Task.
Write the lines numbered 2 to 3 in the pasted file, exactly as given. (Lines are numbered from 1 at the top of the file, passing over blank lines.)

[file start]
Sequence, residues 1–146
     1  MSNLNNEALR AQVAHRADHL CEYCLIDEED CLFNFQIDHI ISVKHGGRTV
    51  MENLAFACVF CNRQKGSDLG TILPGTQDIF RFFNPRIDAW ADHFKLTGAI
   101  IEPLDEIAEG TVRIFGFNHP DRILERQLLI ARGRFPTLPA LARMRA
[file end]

     1  MSNLNNEALR AQVAHRADHL CEYCLIDEED CLFNFQIDHI ISVKHGGRTV
    51  MENLAFACVF CNRQKGSDLG TILPGTQDIF RFFNPRIDAW ADHFKLTGAI